Politics

Poland, Lithuania, Romania: inside Europe's Guantanamo Bays

Article published on March 9, 2011
Article published on March 9, 2011
A white horse struggles to drag itself along after abandoning the exhausted body of Vincent Gallo through the snow. The animal is soiled with human blood. Such is the breathtaking epilogue of Essential Killing, the latest feature length film from Jerzy Skolimowski, where the American actor portrays a Taliban deported to a secret CIA base hidden in a forest in Mazovie, Poland.
In the screenplay by the Polish writer, the prisoner still has the possibility to escape. Terrorist suspects who land in total secrecy in the airport of Szymany in Poland do not have such luck. An investigation ensues.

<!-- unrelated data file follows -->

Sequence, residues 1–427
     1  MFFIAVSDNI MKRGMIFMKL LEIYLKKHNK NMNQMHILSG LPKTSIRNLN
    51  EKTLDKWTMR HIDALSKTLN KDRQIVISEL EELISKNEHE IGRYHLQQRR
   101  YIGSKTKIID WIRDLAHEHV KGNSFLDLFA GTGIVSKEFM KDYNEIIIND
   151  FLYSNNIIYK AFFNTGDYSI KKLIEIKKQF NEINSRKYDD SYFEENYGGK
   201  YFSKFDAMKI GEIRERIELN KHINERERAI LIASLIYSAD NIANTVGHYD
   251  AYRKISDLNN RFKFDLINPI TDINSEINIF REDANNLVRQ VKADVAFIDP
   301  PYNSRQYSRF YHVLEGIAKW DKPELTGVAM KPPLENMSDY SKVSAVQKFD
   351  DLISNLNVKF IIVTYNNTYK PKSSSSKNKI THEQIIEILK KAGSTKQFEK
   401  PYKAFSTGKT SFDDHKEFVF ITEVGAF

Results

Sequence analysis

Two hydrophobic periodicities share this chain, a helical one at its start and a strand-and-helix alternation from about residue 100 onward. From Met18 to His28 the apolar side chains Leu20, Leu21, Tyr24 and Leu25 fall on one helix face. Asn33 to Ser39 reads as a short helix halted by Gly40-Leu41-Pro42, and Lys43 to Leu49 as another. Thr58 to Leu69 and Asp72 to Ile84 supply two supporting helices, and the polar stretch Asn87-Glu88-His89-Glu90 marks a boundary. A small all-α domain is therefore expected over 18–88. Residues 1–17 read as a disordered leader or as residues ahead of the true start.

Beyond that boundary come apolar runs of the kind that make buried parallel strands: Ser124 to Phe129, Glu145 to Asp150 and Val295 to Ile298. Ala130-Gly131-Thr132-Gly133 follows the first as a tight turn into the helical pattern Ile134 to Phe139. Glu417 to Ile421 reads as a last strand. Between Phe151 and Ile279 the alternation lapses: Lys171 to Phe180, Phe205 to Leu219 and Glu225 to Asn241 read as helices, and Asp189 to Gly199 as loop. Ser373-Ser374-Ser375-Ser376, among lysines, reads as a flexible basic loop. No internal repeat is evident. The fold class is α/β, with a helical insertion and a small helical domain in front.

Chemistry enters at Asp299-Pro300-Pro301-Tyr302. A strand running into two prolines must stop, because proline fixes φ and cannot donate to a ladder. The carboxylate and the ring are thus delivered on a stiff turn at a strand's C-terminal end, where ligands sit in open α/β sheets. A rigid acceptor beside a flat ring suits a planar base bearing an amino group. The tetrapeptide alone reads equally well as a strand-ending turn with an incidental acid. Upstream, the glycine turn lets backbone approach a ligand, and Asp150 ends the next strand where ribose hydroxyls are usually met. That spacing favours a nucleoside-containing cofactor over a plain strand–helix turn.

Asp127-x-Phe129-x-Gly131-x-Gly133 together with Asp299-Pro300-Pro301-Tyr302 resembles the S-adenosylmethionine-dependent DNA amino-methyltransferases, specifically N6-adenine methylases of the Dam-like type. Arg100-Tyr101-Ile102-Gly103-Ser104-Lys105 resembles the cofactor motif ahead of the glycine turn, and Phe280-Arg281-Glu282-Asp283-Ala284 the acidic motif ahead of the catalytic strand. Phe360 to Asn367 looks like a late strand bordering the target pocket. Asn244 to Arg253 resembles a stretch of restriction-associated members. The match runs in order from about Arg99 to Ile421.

Used as an airbase by nazi Germany’s Luftwaffe, this tiny military aerodrome is now used by the CIA to unload several suspects linked to Al-Qaeda, waiting to be interrogated at another base in the region. The airport, surrounded by both woods and barbed wire, is located around 160km from Warsaw. To be more precise it’s in the Warmia-Masuria Province, a region bordering Lithuania, Belarus and their powerful Russian neighbour.

From Szymany to Guantanamo